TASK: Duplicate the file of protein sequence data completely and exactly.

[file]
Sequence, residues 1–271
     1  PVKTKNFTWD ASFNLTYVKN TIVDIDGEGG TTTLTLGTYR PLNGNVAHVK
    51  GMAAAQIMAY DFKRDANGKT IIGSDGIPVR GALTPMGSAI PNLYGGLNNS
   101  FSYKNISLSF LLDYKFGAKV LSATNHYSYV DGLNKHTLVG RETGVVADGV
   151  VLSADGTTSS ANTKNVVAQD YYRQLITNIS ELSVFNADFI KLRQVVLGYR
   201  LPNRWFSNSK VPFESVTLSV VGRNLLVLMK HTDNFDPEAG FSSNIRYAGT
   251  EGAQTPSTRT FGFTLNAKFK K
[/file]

Sequence, residues 1–271
     1  PVKTKNFTWD ASFNLTYVKN TIVDIDGEGG TTTLTLGTYR PLNGNVAHVK
    51  GMAAAQIMAY DFKRDANGKT IIGSDGIPVR GALTPMGSAI PNLYGGLNNS
   101  FSYKNISLSF LLDYKFGAKV LSATNHYSYV DGLNKHTLVG RETGVVADGV
   151  VLSADGTTSS ANTKNVVAQD YYRQLITNIS ELSVFNADFI KLRQVVLGYR
   201  LPNRWFSNSK VPFESVTLSV VGRNLLVLMK HTDNFDPEAG FSSNIRYAGT
   251  EGAQTPSTRT FGFTLNAKFK K